IDH: That’s interesting. Why do you think that is?
ZACCHEA: I think there are a couple of reasons. One, women have had more difficulty entering the workforce as a result of the recession. Two, women generally have a less linear career path then men as a result of family obligations and things like that. I think that women entrepreneurship is something that is a growing trend.
IDH: Tell us about the EBV program’s annual business pitch event. How exactly is Connecticut entrepreneur and inventor Eric Knight involved?
ZACCHEA: Eric is actually involved in the beginning. He counsels the veterans on their ideas and innovation. Because he’s a very creative guy, he talks about different ways of solving problems. So he’s at the front end.
At the back end we have successful entrepreneurs, venture capitalists and other subject matter experts who judge the pitches. The veterans compete in groups for a nominal cash prize in terms of best pitch, and most innovative idea. Then the class will vote on the awards. The spirit award is for motivation and energy, the veteran award goes to the person who is most likely to help veterans, and the tech award goes to someone who’s most leveraging technology.
IDH: What types of businesses have come out of the program?
ZACCHEA: About 25% our computer and IT services. Probably another 25% are contracting. We’ve helped people start trucking businesses, laundry businesses, a deli, a marketing company and a fitness company. This year we had someone who is doing high-tech 3-D manufacturing. We also helped start a couple of law firms and a medical practice. We usually have one person a year who wants to start a line of clothing and one who wants to start a farm. Agribusiness is definitely trending.
IDH: How many other schools have an Entrepreneurship Bootcamp for Veterans with Disabilities program?
ZACCHEA: At present, we are one of eight, but starting in 2016 we are going to have two additional.
IDH: What types of resources does the program provide for veterans?
ZACCHEA: The first thing is that we give them a years’ worth of access to the UConn business library. They have access to information about marketing and research to help them develop their business idea.
The second thing is we give them a business class laptop and we consider that mission-critical equipment. I think that’s another reason why be in a little bit more successful. Even now we still have veterans who either don’t own computers or don’t have regular access to the Internet. So really that’s a crucial role. In the past, we used to give them a business suit, and that too was an important part. We did not do that this year, unfortunately. I hope that will be able to do that next year because I really consider that an important part of the program.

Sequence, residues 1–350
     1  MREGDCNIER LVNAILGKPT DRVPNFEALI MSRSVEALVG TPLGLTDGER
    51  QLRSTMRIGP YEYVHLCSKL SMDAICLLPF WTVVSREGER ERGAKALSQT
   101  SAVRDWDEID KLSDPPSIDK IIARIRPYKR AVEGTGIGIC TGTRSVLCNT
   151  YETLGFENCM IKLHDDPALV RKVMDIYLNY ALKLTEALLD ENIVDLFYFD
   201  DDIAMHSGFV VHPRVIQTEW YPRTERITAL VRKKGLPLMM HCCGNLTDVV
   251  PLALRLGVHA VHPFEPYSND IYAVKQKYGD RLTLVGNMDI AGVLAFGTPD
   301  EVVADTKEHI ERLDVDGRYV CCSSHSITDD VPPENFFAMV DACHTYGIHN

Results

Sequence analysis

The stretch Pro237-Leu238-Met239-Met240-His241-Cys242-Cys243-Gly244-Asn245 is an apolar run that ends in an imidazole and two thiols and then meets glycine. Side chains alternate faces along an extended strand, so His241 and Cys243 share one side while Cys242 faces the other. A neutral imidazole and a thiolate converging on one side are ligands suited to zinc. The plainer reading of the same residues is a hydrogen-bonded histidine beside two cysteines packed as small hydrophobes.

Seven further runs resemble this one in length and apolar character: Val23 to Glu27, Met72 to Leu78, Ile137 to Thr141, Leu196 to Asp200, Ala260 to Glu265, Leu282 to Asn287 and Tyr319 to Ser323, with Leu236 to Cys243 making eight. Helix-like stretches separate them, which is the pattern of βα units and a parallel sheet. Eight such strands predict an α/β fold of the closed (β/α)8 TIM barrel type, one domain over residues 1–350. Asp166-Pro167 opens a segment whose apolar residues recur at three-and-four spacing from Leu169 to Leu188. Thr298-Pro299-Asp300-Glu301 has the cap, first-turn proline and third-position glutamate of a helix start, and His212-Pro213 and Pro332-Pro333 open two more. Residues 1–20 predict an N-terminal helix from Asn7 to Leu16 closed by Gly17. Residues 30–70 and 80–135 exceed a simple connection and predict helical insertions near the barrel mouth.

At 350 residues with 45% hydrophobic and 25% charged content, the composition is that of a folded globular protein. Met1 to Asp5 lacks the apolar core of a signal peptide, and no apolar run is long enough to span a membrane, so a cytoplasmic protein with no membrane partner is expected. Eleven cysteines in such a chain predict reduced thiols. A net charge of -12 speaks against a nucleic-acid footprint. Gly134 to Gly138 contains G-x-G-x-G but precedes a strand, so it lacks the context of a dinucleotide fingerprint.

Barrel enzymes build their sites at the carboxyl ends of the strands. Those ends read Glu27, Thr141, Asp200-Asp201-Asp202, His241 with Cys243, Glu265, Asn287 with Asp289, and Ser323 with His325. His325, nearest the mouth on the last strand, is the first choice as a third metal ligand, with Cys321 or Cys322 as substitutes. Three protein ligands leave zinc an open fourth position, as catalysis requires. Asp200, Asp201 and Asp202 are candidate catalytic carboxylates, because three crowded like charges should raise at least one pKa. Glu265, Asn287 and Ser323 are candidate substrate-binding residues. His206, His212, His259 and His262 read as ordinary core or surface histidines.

Other support that we give them includes the mentorship from the graduate assistants in the class. Concurrently I teach a class and social entrepreneurship. Basically the EBV is a social enterprise. So I have graduate students in the class learning about starting a social enterprise and getting real-time experience, both as interns in a social enterprise and then also getting broad and deep experience in starting businesses. I have a caseload of six or seven. For our graduate students that’s a real resume distinguisher.
We give our graduates a lot of mentoring. We connect them to previous graduates from previous sessions, who either can mentor them or sometimes can partner with them. That’s a whole other dynamic of creating value for past graduates and current graduates.
They also have access to the network of mentors and financiers—people who we are in contact with. There have been deals that have been built out of those relationships, and that continues to this day.
IDH: What do you enjoy most about the opportunity to work with veterans?
ZACCHEA: It’s very exciting for one thing. I love doing getting up in the morning, I love the interaction with people. In every class we’ve had at least one person who is emerging from a period of homelessness. This class we actually had three people who are homeless so that’s really satisfying, knowing that you’re turning someone’s life around.
The ideas themselves are exciting. I like the feeling of being able to learn about a new business or create a new business idea that’s engaging creatively. And then emotionally, every instructor and every judge says that they get far more out of it than they put into it and for me that is true. It’s been an integral part of my healing. I was severely wounded and saved by two Marines and I feel like I owe a great debt that I can never repay but this is part of paying forward that debt. I really think I’ve been given a great gift.
Many veterans have been very honest talking about how they either survived a suicide attempt or sought help when they had suicidal ideation. I really think that this program saves peoples’ lives. I feel a real sense of urgency in terms of saving—not just helping change the direction of peoples’ lives—but saving lives.
IDH: You’re doing really important work.
Zacchea: That’s what it feels like to me.